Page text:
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Year 7, Issue 4

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*The electronic publication of the David Cup/McIlroy competitions.
*  Editor-in-Chief:  Matt Medler
*  Waxwing Poetic:  Eric Banford
*  Norwegian Translator:  Mike Andersen

Yes, this is the issue of The Cup covering the month of April.  And 
yes, I know it's now June.  And no, I didn't take all that extra time 
to painstakingly create a Cup masterpiece.  Perhaps the best thing that 
can be said about this issue of The Cup is that now that it's finally 
done, we can get on to the fun of the May issue.  Without further 
delay, I finally present to you The Cup 7.4...    

   @   @    @    @    @     @
     NEWS, CUES, and BLUES
@   @    @    @     @     @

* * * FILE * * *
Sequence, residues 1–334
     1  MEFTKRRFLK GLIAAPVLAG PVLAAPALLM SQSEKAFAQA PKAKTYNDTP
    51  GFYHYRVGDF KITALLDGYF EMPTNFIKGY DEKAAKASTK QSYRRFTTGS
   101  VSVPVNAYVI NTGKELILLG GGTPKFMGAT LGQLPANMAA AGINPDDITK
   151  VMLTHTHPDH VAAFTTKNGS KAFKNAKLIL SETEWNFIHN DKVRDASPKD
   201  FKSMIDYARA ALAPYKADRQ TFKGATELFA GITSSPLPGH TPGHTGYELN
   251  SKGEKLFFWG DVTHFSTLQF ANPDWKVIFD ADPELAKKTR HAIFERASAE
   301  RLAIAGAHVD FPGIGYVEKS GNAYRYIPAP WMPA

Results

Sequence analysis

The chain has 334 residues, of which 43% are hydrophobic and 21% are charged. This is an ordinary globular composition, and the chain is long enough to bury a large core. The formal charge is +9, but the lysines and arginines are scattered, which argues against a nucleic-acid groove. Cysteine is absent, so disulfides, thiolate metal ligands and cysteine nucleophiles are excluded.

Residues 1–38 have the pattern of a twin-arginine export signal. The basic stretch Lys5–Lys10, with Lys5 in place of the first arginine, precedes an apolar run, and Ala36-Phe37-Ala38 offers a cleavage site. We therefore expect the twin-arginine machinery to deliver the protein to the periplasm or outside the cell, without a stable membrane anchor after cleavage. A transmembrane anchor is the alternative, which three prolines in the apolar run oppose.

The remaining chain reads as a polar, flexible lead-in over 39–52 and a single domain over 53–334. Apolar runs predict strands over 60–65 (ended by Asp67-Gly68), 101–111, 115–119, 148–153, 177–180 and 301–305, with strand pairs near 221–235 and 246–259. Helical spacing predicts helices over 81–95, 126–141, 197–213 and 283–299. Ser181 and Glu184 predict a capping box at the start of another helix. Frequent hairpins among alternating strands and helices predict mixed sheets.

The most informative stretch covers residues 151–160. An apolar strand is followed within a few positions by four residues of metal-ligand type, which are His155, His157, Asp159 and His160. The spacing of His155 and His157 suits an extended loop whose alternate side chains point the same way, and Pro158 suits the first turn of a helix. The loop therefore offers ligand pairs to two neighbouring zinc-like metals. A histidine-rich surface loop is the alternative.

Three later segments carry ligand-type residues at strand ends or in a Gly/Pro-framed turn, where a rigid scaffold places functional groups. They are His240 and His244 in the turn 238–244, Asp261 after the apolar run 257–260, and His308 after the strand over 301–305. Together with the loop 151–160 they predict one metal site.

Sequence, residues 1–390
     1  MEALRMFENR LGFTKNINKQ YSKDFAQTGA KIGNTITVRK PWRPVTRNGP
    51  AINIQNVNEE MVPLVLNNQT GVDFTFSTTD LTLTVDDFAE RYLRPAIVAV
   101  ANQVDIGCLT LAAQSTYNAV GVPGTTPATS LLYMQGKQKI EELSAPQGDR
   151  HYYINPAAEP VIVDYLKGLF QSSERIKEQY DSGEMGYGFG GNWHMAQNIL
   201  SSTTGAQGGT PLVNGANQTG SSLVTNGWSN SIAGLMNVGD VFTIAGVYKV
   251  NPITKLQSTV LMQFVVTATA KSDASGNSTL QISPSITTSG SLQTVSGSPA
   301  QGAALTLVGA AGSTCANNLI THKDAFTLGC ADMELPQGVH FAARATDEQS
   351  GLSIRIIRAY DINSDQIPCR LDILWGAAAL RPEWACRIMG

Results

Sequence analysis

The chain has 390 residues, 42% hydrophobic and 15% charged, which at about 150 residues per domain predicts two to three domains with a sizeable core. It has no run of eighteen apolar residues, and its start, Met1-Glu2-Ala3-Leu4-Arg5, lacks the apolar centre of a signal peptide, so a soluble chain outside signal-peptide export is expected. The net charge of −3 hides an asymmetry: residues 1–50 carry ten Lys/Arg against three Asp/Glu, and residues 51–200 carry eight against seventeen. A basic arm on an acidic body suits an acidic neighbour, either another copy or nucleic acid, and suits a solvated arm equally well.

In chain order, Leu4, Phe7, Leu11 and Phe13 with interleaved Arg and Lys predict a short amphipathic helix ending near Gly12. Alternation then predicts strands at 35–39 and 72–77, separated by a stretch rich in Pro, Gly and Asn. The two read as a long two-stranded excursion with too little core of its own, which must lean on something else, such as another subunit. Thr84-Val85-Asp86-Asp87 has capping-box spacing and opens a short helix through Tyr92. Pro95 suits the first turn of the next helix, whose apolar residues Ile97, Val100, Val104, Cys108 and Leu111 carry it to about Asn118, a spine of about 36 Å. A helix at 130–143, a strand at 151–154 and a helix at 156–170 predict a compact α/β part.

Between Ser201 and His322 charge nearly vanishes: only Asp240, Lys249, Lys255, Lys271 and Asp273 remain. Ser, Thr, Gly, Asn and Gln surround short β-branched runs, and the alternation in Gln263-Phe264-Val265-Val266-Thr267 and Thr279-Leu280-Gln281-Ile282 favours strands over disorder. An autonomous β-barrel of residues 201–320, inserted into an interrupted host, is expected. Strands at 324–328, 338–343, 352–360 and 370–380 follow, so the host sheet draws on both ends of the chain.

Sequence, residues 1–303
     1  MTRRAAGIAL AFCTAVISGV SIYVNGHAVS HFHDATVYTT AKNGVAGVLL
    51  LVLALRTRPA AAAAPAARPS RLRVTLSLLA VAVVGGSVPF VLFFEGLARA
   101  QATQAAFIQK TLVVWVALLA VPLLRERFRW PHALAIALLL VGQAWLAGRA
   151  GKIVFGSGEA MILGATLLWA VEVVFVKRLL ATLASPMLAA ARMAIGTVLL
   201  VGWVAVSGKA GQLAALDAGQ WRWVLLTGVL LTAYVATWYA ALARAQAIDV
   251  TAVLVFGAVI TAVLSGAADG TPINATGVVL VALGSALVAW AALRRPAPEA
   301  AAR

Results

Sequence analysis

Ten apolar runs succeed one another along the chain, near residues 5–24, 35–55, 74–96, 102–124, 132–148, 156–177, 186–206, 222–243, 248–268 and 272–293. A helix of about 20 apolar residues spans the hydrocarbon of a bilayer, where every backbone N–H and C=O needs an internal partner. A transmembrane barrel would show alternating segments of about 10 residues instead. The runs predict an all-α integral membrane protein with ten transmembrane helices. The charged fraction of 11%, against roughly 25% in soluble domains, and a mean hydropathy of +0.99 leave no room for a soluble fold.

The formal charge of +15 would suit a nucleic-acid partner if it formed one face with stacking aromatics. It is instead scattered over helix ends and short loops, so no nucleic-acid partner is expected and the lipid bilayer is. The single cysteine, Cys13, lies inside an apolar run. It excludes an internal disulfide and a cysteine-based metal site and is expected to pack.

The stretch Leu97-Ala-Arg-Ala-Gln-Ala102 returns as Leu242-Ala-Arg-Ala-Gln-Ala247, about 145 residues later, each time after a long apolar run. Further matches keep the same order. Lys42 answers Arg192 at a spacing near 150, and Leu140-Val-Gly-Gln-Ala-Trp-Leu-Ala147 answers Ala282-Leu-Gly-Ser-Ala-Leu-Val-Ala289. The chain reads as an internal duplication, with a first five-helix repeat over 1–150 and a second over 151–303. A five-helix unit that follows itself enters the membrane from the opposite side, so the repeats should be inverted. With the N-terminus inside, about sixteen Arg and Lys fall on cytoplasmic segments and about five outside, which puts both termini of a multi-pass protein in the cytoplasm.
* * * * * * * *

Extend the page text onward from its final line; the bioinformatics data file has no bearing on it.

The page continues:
CONSERVATION CHAMPIONS:  What is a David Cup champion to do after 
reaching the pinnacle of the Basin birding scene?  In the case of 
former Cup champions Matt Young and Geo Kloppel, they've devoted their 
substantial energies to helping the conservation efforts of the Finger 
Lakes Land Trust.  The Spring 2002 issue of The Land Steward, the 
newsletter of the Land Trust, contains front-page feature stories on 
the separate conservation efforts of both Matt and Geo.  Thanks to Matt 
Young's tireless exploration and championing of the Summerhill area, 
the Finger Lakes Land Trust has established the Dorothy McIlroy Bird 
Sanctuary at the outlet of Lake Como in the Town of Summerhill.  
Established in memory of the late Dorothy McIlroy, the First Lady of 
Ithaca birding for several decades (and the namesake of our McIlroy 
Award), the sanctuary is home to a very unique flora for our area, 
including several species of rare wildflowers.  From a bird standpoint, 
the sanctuary is home to a host of breeding species more typically 
found to our north, including Dark-eyed Junco, Hermit Thrush, 
Blackburnian Warbler, and Mourning Warbler.  With his classic 
enthusiasm, Young encouraged the author of his article (who visited the